Are you reading your major donors right?

Are You Reading Your Major Donors Correctly?

A year ago I had the opportunity to present a major gifts master class where Jay Love, Founder and President of Bloomerang (and a board member and major donor himself) offered his thoughts on major gifts development from the donor’s perspective.

SO important!

The more that you know, the less they’ll say “No!”

  • The more you know what floats your donor’s boat,,,
  • The more you know what other things compete for your donor’s attention (not just causes, but also career and family)…
  • The more you know how your donor prefers to communicate…
  • The more you know how your donor prefers to be wooed…
  • The more you know how your donor prefers to be recognized…

If you can’t show your major donor prospect you really know them, how can they trust you’ll be a good steward of their passionate philanthropic investment?

We all want to be known before we enter into a major engagement.

Which brings us to the crux of successful major donor development. Not surprisingly, it begins and ends with the same thing.

Can you guess what that might be?

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Thankful for Thanksgiving

Thanks(for)giving

Thankful for ThanksgivingThis Thursday folks in the United States will celebrate what I consider to be the social benefit sector holiday of the year: Thanksgiving!

Just think about what it means.  Literally, it’s a day for giving thanks for our blessings.

Who do you count among yours?

I know when we go around the table at my family Thanksgiving, saying what we’re grateful for this year, most folks respond with a people-based answer. Sure, they’re happy about the feast in front of them. But they’re most grateful for caring friends. For loving family. For being together and sharing the warmth of good company.

Who are you grateful to at your organization?

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Any Nonprofit Can Rock Major Gifts with These 10 Secrets – Pt.2

Every nonprofit should have a major gifts program. Because that’s where the lion’s share of the money is.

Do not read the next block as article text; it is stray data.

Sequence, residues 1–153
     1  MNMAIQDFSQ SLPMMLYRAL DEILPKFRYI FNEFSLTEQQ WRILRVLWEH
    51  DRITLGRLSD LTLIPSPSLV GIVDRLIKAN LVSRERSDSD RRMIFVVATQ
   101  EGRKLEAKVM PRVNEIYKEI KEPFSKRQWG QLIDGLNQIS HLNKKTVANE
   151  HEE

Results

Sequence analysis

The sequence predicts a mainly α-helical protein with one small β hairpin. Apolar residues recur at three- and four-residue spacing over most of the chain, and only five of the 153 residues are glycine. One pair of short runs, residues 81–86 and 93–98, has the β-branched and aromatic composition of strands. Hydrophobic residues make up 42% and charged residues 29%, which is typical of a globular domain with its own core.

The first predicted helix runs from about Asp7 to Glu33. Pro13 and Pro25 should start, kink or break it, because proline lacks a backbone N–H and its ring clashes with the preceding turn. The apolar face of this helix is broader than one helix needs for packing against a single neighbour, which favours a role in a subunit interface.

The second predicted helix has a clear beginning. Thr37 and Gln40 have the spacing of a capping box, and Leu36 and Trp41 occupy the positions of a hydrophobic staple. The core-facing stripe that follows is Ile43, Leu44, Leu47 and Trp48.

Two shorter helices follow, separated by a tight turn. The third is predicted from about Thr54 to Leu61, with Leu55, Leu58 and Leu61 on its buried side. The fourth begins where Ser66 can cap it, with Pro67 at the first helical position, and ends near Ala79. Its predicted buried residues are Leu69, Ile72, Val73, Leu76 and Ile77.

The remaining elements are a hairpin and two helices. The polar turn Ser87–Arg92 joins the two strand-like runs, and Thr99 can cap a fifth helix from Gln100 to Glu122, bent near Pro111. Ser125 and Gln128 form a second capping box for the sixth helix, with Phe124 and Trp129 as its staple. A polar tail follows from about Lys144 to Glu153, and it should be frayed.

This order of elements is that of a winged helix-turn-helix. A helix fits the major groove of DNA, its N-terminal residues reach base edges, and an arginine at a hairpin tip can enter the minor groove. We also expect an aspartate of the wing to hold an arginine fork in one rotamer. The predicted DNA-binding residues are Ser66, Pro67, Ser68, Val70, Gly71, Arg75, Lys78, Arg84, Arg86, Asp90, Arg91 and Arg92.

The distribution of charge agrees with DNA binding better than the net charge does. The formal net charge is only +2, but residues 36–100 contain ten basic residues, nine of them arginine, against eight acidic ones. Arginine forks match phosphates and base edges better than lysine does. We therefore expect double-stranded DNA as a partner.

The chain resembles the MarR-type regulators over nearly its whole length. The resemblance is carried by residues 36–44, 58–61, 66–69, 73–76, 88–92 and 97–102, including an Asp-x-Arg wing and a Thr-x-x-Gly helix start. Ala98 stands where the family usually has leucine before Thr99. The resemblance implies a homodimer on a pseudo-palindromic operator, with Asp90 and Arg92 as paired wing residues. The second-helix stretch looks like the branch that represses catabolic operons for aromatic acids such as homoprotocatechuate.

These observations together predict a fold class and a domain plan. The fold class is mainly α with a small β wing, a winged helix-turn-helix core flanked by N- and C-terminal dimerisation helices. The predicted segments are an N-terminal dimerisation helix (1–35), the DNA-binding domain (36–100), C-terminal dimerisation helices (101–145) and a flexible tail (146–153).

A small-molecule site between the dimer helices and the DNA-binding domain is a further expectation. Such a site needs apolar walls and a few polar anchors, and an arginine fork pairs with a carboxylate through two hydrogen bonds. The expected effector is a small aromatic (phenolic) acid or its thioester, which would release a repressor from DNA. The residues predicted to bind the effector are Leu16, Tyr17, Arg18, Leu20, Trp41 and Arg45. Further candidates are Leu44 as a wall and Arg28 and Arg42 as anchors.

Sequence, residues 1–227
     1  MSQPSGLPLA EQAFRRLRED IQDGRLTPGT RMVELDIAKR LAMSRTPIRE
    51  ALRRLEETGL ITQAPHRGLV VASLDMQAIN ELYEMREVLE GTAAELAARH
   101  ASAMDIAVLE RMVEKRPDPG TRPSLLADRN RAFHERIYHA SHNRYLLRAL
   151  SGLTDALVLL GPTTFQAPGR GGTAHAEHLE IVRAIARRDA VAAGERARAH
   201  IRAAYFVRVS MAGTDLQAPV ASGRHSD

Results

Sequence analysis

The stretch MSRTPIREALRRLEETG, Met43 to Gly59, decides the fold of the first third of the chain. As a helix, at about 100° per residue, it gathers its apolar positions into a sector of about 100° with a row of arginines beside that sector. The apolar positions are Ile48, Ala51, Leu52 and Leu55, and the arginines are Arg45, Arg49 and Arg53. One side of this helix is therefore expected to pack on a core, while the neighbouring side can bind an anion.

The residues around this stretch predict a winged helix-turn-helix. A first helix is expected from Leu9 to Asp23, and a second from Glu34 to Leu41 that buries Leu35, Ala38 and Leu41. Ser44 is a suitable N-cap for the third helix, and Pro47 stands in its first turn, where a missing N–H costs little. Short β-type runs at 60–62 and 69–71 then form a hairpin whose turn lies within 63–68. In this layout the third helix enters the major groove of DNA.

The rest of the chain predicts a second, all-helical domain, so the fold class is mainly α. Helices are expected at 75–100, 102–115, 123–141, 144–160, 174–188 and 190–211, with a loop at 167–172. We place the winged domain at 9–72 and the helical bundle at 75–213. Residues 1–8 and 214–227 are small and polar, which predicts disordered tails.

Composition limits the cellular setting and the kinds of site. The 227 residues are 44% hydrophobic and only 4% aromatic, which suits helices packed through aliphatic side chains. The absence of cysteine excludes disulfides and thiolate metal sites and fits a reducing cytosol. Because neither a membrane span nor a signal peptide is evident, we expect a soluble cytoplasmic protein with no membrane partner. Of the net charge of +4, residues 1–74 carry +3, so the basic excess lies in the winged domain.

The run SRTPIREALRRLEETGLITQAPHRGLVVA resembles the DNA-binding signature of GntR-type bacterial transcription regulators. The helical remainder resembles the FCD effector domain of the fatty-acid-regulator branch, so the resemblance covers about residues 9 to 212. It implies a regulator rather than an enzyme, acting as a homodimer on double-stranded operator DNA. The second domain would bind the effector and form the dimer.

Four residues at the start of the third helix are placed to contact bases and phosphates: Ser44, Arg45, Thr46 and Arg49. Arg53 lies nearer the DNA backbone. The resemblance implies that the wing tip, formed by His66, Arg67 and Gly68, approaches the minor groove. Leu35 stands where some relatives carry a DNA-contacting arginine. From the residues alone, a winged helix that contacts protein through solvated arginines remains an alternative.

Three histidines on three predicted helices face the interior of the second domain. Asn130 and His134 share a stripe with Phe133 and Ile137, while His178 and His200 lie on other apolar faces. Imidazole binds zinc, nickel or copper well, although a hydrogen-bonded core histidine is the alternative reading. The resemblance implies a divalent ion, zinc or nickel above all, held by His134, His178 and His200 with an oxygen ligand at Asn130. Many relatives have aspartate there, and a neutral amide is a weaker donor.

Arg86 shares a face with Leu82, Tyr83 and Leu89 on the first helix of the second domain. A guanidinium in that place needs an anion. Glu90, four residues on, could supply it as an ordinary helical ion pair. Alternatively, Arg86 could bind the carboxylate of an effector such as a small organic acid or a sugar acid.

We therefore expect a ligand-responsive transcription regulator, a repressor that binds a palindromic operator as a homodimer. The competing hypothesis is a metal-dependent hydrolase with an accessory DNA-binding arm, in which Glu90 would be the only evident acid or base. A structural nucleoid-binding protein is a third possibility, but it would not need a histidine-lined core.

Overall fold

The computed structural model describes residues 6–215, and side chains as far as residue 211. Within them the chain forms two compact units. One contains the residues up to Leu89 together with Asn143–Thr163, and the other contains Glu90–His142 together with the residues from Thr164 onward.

It’s a rare organization that has a mailing list large enough to raise a million dollars from a million different $1 donors. But most nonprofits do have major donor prospects hiding in plain sight.

It’s up to you to find them; then move them along a cultivation path that prepares them – and you – to make an ask that results in a win/win values-based exchange.

Let’s review the full panoply of secrets that will guarantee your major gifts program is a success, whatever your size.

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Skyrocketing

10 Strategies to Skyrocket Major Gift Fundraising

Skyrocketing“Begin at the beginning and go on till you come to the end; then stop.” So wrote Lewis Carroll in Alice in Wonderland.

It’s the same with major donor fundraising, except you don’t ever really stop.  You just start up again. You do follow a prescribed path, however.  And here’s what it looks like:

  1. Before
  2. Ground Floor
  3. Explore
  4. Back Door
  5. Adore
  6. Mentor
  7. Ask For
  8. Implore
  9. Rapport
  10. Report

If you do this correctly, it becomes a transformational process for the donor. They want to stay connected and engaged and invested.  Which is why you don’t stop.  You follow up with “Some More.”

But first…

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5 cereal boxes